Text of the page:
A rough rule for me is that if the words are of the same origin and structure, they’re almost definitely of the same grammatical gender. For example, pez and pesce (“fish”), baño and bagno (“bath”), and café and caffè (“coffee”) are masculine in both languages.
But televisión and televisore (“television”… don’t act so surprised), despite having a similar root, are feminine and masculine in Spanish and Italian respectively.
One similar aspect of grammatical gender between Italian and Spanish is that you can guess/assume the gender of many nouns by their structure, and the rules are quite similar between the two languages.
- Nouns ending in o are usually masculine in both Italian and Spanish
- Nouns ending in a are usually feminine in both
- Nouns ending in ción and zione in both languages are usually feminine
- Nouns ending in -dad in Spanish or tà in Italian (which usually correspond, e.g. felicidad and felicità) are usually feminine
- Nouns ending in -or in Spanish and -ore in Italian (which often correspond, e.g. director and direttore) are usually masculine
There are many other rules like this on how to guess the gender of a word in Italian and Spanish — pick up a grammar book from either if you’re interested. I really like the Teach Yourself series, they offer bite-sized lessons and are very easy to process.
One other aspect of grammatical gender that Spanish and Italian have in common is that you don’t have to conjugate a verb differently according to the gender of the subject. In other words, if you say “I want to drink coffee”, you say it the same way in Spanish or Italian no matter your gender identity.
Conjugation in Italian and Spanish
Overall, conjugation rules in Italian and Spanish are quite similar — though of course the precise rules are different.
Italian and Spanish have the usual suite of conjugations you’d expect in a Romance language.
Similarities in conjugation between Italian and French include:
- First, second, and third-person conjugations in both singular and plural, but not varying for gender
- A “formal” pronoun and associated conjugation, for both singular and plural
- Pronouns are not usually used other than for emphasis — in contrast with French (see our article on French vs Spanish)
- Similar tenses — Past, present, continuous, imperative, future, subjunctive, conditional, and other tenses used largely the same (although with an exception in how the past tense is expressed — see below on this)
- Verbs categorised and grouped in similar ways: e.g. Spanish has three main groups of verbs (ending in ar, er, and ir), as does Italian (are, ere and ire); verbs can be grouped into other major groups as well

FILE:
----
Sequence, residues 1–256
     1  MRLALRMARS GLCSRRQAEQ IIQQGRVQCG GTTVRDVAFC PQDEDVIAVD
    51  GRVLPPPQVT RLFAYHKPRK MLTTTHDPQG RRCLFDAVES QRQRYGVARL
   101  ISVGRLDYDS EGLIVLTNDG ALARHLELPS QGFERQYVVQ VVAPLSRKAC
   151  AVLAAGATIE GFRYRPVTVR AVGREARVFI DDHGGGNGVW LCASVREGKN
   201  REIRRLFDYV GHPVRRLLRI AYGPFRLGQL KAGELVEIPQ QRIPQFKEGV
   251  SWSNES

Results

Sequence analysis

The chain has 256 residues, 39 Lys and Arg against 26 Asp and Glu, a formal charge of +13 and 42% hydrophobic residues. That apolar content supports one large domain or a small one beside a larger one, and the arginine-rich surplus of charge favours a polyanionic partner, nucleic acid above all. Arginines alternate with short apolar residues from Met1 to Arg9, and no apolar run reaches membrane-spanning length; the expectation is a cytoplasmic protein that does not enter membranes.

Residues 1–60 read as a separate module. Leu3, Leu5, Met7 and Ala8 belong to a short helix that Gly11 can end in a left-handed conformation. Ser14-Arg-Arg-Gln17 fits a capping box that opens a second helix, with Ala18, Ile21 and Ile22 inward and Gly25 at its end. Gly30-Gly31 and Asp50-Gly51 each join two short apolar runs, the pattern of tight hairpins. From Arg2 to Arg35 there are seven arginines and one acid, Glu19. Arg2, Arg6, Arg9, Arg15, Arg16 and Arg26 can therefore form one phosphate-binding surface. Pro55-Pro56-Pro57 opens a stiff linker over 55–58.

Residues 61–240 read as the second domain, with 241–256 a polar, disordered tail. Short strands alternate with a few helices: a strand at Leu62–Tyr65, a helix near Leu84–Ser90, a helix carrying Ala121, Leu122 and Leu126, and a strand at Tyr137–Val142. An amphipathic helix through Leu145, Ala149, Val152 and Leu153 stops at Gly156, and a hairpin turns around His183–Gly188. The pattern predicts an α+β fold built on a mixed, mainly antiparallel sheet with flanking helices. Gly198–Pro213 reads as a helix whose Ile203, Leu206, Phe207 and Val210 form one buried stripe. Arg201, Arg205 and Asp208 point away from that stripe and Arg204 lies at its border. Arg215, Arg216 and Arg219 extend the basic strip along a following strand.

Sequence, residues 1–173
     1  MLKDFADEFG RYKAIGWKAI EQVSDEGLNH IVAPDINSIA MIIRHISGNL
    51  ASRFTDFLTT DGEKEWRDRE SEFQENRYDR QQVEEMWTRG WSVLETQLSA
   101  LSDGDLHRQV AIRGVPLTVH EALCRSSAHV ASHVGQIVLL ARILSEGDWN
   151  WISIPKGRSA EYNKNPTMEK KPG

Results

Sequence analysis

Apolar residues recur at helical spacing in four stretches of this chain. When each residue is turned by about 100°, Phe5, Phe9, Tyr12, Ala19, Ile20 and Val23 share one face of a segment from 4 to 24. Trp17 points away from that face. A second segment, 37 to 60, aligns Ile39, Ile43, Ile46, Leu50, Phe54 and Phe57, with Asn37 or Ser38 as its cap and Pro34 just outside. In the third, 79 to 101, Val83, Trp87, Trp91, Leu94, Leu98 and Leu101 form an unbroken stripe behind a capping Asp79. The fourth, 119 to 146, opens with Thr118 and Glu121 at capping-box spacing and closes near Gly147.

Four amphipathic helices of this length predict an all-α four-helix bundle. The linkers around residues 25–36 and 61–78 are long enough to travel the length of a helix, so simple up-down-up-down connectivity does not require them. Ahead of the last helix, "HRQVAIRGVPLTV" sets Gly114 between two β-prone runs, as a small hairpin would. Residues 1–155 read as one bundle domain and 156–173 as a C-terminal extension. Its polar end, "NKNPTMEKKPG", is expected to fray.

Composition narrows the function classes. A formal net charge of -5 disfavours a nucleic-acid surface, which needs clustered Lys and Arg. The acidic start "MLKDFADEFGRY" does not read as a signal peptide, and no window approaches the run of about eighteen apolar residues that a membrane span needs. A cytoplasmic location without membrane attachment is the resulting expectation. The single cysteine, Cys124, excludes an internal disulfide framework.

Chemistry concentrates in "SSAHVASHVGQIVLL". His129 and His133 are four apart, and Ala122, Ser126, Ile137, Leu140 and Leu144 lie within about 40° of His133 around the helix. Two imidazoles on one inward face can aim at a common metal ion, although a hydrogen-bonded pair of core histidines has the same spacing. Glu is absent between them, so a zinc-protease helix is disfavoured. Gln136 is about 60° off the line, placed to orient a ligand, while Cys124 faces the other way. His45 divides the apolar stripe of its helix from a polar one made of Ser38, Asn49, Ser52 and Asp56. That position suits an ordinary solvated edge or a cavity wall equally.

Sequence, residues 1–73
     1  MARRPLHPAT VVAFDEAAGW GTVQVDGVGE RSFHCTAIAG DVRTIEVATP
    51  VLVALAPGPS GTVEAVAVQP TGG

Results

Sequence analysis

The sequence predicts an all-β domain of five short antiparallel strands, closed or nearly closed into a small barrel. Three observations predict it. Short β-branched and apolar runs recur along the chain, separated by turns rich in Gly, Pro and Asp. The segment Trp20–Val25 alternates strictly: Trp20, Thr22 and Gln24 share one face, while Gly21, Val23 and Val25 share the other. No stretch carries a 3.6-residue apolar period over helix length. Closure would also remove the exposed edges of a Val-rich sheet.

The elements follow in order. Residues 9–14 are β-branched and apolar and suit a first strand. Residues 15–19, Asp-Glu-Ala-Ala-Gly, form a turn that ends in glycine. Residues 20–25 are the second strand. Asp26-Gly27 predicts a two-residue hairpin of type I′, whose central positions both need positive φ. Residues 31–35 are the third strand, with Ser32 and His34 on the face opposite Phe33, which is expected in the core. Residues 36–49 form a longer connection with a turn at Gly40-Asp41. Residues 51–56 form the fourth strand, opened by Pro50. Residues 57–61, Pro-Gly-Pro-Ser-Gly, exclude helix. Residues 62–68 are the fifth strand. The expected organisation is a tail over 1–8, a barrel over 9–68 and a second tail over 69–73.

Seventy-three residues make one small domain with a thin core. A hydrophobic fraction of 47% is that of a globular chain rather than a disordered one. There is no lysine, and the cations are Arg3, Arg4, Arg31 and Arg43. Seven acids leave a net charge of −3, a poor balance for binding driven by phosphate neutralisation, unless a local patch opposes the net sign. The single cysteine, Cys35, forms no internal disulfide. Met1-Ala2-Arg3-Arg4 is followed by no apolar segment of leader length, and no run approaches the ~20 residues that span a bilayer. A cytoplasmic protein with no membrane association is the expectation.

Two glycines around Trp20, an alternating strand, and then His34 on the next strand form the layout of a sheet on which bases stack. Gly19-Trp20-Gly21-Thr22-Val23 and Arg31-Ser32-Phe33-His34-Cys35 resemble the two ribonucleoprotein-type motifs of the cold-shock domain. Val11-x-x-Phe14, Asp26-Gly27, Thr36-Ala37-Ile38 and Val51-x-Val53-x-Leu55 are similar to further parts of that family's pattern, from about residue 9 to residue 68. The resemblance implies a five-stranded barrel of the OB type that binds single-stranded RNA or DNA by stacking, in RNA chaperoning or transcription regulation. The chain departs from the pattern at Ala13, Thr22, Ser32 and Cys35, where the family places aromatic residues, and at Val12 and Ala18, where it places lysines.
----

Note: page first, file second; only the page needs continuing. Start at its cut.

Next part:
Probably the main difference, expressed in as simple terms as possible, is that Italian verbs tend to end in vowels in all their conjugations, rather than with an “s” or “n” as they do in Spanish.
Formality in Italian vs Spanish Grammar
Spanish covers a huge geographic area. But very broadly, the way it treats formality is roughly consistent, with a few exceptions (like the countries that use vos).
Spanish uses the usted singular formal second person pronoun (“you formal”), which is conjugated the same as “he/she”.
Spanish also has ustedes for the plural form of “you formal”. In Spain, this is distinguished from vosotros/as, which is the “you plural, informal”. But vosotros/as isn’t used anywhere in Latin America (though it is used in Equatorial Guinea — see this paper).
Italian has the pronoun Lei for “you, formal”. Lei is always capitalised, to distinguish it from the pronoun lei, which means “she” — and which is conjugated the same, conveniently! Context is what helps people understand the meaning.
The pronoun voi, which normally is the plural of tu (i.e. “you plural, informal”) is also used as a form of respectful address to one person, particularly in the south of Italy. In this case, it works just like vous in French.
The social rules on when to use Lei and usted are roughly the same between Italian and French-speaking cultures (I’ve seen it similarly used in other French-speaking countries). You use the formal pronoun with someone you don’t know who’s of adult age or above. And you may always use it for someone significantly older/more senior than you, even when you know them quite well.
But you rarely/never use formal pronouns with someone much younger, or between two young people (say, under 25) in casual situations.
Simple past tense (Preterite) vs Perfect tense